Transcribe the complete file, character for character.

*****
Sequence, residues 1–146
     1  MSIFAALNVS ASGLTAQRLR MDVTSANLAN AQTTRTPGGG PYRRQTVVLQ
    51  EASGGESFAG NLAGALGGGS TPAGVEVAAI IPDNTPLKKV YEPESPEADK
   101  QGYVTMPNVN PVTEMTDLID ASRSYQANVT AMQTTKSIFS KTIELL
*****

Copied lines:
Sequence, residues 1–146
     1  MSIFAALNVS ASGLTAQRLR MDVTSANLAN AQTTRTPGGG PYRRQTVVLQ
    51  EASGGESFAG NLAGALGGGS TPAGVEVAAI IPDNTPLKKV YEPESPEADK
   101  QGYVTMPNVN PVTEMTDLID ASRSYQANVT AMQTTKSIFS KTIELL